Infographic compares traditional programming with unsupervised, supervised and reinforcement machine learning

Heuristic rules: Human knowledge is used to create specific rules and instructions for solving problems based on assumptions and experience. A major disadvantage of this method is that there is no learning process and therefore cannot react to new data. The advantage is that this approach is less complex and easier to interpret due to greater transparency.

Machine learning: Enables technical systems to learn patterns and develop further. In contrast to heuristic rules, it is able to find suitable solutions even for unknown data. In general, it can be divided into three main categories:

    • Unsupervised: recognizing connections
    • Supervised: Removing connections with a clear goal
    • Reinforcement: Independent recognition of correct connections

Unsupervised learning: explanation, areas of application, advantages and disadvantages

What is Unsupervised Learning?

Unsupervised leaning is a central method of machine learning in which the model independently recognizes structures in the data. In contrast to supervised learning, no pre-categorized data is available; instead, similarities are found within the input data. This is intended to identify hidden patterns and gain valuable insights that people would not have noticed.

Where do you use unsupervised learning?

Since unsupervised learning works with data that does not have target values, a large number of use cases open up for this technology. For this purpose, cluster analysis, dimension reduction and anomaly detection are presented below:

Similar features organized into a group


Clustering is the process of organizing similar data into a group without providing precise information about each group. The individual elements within a group should be as similar as possible. For example, customers who have purchased similar products in the past can be put together into a group and then offered the same product.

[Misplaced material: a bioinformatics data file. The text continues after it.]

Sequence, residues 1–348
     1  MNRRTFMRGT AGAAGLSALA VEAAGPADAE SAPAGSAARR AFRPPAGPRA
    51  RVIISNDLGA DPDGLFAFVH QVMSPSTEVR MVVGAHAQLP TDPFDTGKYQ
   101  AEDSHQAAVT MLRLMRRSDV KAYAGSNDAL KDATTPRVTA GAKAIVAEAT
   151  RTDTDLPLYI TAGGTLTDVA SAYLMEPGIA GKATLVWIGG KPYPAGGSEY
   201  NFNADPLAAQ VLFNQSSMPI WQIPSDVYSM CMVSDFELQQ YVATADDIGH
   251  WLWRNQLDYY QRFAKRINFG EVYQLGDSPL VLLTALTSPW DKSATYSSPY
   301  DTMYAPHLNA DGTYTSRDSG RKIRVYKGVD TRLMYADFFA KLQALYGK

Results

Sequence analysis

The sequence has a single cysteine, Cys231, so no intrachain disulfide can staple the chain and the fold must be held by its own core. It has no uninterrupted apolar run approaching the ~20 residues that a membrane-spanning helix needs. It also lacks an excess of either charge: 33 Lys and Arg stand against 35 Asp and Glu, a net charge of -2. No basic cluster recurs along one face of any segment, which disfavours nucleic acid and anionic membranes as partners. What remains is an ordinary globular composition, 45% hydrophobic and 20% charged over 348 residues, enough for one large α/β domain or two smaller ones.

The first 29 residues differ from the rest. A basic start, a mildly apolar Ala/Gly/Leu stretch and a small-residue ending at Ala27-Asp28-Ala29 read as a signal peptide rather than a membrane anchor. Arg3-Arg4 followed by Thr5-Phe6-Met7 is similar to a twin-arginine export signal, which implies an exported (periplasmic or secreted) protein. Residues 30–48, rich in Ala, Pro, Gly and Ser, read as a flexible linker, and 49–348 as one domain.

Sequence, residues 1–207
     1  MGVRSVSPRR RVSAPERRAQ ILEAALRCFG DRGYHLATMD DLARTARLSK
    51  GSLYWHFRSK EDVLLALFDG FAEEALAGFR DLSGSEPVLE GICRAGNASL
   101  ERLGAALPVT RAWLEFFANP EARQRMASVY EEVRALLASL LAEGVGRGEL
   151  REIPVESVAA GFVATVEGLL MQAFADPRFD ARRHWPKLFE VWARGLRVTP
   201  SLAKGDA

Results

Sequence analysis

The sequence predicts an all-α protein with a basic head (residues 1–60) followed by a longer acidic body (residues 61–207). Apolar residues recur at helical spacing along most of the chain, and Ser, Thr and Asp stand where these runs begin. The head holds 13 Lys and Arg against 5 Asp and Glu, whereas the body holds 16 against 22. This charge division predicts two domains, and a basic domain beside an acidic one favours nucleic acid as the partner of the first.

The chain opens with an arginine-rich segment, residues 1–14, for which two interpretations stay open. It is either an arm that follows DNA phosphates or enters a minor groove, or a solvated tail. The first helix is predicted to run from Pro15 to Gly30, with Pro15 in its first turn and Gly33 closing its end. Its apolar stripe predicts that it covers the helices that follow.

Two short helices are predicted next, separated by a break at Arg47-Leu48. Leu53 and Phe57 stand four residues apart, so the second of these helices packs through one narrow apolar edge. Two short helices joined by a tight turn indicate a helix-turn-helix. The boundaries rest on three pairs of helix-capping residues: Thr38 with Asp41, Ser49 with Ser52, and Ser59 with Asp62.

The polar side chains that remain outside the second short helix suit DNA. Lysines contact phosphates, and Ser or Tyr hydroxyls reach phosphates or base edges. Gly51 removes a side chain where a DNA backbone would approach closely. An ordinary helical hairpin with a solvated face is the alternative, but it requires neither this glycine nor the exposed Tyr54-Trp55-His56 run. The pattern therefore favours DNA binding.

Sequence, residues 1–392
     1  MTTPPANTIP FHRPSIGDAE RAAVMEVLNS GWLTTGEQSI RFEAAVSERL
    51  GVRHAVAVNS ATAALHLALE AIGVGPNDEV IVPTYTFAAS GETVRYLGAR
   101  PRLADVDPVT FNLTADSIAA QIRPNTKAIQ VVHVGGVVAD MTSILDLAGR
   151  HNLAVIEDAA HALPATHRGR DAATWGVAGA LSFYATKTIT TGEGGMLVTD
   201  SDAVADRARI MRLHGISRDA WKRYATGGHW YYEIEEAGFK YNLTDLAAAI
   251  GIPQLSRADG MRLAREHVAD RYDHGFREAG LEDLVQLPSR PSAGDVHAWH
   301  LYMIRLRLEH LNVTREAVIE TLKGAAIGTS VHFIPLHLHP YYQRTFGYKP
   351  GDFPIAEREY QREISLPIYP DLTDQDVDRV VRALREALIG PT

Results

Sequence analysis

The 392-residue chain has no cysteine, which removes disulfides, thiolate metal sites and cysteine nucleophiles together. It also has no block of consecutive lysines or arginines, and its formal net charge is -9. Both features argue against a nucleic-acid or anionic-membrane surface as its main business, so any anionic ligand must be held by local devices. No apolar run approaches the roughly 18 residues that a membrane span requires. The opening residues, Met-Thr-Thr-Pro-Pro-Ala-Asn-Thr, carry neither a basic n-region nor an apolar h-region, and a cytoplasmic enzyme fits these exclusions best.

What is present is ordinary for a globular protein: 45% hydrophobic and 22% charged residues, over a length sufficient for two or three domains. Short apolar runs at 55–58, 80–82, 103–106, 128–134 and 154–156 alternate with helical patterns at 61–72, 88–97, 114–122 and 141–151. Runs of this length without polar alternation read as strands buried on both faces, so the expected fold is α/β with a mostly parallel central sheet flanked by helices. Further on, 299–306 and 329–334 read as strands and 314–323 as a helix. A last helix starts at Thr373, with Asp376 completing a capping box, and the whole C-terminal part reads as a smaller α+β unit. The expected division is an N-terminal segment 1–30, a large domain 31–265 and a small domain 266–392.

Diagram shows dimensionality reduction of multidimensional data to one main component

Dimensional reduction

Data sets often have a large number of different features, which are referred to as dimensions. Because the different columns correlate with each other, it is possible to minimize the number of columns, leaving only two or three dimensions. These can then be visualized using simple graphs. This is used, for example, in blood cancer research, as the data often contains more than 30 variables. These are reduced to three dimensions and can then be visualized to recognize patterns.

Anomaly detection using unsupervised learning in a scatterplot

Anomaly detection

Using unsupervised learning, it is possible to identify individual outliers in data sets that differ from the normal data set. An example here is the detection of credit card fraud by identifying transactions that are unusual for a customer.


Lower expense: Training data does not have to be labeled

speed: Since the data does not have to be labeled and simpler models can often be used compared to supervised learning, the speed can be increased